Conrad Grebel University College
140 Westmount Road North
Waterloo, ON, Canada N2L 3G6
Friday, June 11th 2021 marked the end of another cycle of the Map the System pitch competition. Teams from around the world dedicated their time and effort to addressing systems change in their local campus semi-finals, national finals, and finally the global showcase throughout 2021. Among them, University of Waterloo students Ewomazino Odhigbo, Leah Feor, and Muhammed Ahsanur Rahim were thrilled to advance to the global stage of the competition to look even deeper into the change making power of systems thinking.
For the first time ever, hosts at Oxford University’s Saïd Business School and the Skoll Centre for Social Entrepreneurship integrated the 2021 Map the System finals into a weeklong celebration of systems thinking. Systems Week occurred online from June 7th to 11th, 2021. Each day, participants were guided through a variety of discussions, presentations, and provocations in which audiences shared their insights on re-setting systems through a social, health, climate, or economic lens.
Knowledge equity is not about elevating one form of knowledge over the other. The problems we face are so vast and sticky, we need everyone on board.
The 2021 global finals of Map the System concluded the inaugural Systems Week by announcing the top Map the System finalists from around the world and reflecting on some moments of realization throughout the week. Teams representing 38 different universities attended the event, with just eight showcased live during the grand finale. Topics included housing affordability, homelessness, food poverty, sex trafficking, creating climate resilient cities, and the role of fine art in Ghana. After witnessing so many passionate presentations that demonstrated the power of self-reflection and interdisciplinary collaboration, judges announced the winners of Map the System 2021 with University of British Columbia in 1st place, National University of Singapore in 2nd, and University of Oxford in 3rd.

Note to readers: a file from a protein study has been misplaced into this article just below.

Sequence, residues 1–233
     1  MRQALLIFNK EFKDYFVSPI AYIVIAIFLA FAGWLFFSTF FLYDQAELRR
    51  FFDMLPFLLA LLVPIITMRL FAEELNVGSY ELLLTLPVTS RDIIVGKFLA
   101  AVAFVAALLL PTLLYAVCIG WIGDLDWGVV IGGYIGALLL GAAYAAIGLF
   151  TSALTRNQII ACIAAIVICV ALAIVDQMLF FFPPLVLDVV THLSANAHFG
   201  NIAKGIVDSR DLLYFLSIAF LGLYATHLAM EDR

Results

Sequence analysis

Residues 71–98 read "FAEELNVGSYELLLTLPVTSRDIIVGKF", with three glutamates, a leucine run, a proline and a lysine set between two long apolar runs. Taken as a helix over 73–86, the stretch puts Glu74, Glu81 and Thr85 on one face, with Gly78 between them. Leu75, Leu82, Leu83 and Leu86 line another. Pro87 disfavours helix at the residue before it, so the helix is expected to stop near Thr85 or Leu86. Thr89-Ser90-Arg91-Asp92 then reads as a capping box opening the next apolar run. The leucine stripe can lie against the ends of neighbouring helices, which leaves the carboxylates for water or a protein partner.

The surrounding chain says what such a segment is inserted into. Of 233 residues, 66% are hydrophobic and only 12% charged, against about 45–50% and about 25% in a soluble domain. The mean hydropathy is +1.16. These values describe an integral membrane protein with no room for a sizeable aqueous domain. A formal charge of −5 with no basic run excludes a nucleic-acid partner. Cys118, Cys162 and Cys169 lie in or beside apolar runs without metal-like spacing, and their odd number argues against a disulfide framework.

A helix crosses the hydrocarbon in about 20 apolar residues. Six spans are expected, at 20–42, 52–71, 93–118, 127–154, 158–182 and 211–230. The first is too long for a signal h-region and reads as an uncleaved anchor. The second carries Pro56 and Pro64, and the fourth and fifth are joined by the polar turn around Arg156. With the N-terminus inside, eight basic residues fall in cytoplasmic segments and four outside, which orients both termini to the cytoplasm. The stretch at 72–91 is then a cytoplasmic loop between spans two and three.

Teams from four Canadian universities took part in the activities after excelling in Map the System Canada’s national competition in May. University of Waterloo students Ewomazino Odhigbo, Leah Feor, and Muhammed Ahsanur Rahim were thrilled to advance to this global stage of the competition alongside others from the University of Alberta, University of British Columbia, and Wilfrid Laurier University.
While the University of Waterloo did not advance beyond the preliminary rounds of the global finals, their outstanding work on the Precarious conditions for foreign labour in Malaysian palm oil plantations demonstrated a deep level of understanding and commitment. Indeed, in the lead up to both the Canadian and global finals the team continued to develop their project with the support of Simron Singh, Professor and Associate Dean of Graduate Studies in Waterloo’s School of Environment, Enterprise and Development, Paul Heidebrecht, Director of the Kindred Credit Union Centre for Peace Advancement, and other campus and community experts.
Catch up on the Canadian competition by reading UWaterloo Map the System team goes global, or check out the submissions from this year’s Canadian competitors.
“Our experience in undertaking this effort has been both inspiring and humbling in that we have learnt and applied new ways of thinking about a key social issue; and we have understood the level of complexity that real world practitioners of development efforts face in trying to alleviate critical social and environmental problems” shared Rahim while reflecting on the team’s experience throughout this competition. Similarly, Feor reflected that "moving through the different levels of this competition has allowed our team to continuously improve our research by integrating feedback from our professor, the team at the Centre for Peace Advancement, as well as the coaches and judges at the event."
I am most excited about how this competition has helped strengthen my systems thinking skills and increase my confidence in identifying leverage points for change in complex systems.
Looking back on Systems Week and this year’s Map the System competition, it is clear that working closely with a systems lens alongside others from a diverse collection of backgrounds and experiences has profoundly influenced participants and audience members. “This week felt rich,” reflected keynote speaker Baljeet Sandhu; “It was beautiful seeing so many academics working side by side with community members, combining different spaces and modalities, and bringing diverse wisdom to the table”. “Participants took the effort to look at themselves in relation to their research. Continue to think about the people who sit at the centre of the system and take the time to interrogate yourselves”, urges judge Shola Diop.
In closing, judge Josiane Smith shared an excerpt of the poem Lines in the mind, not in the world by systems thinking pioneer, Donella Meadows. Then judge Gurpreet Singh summed it up: “You’ve been dancing with the system. Presentations show how complex the dancing can be. Become better dancers.”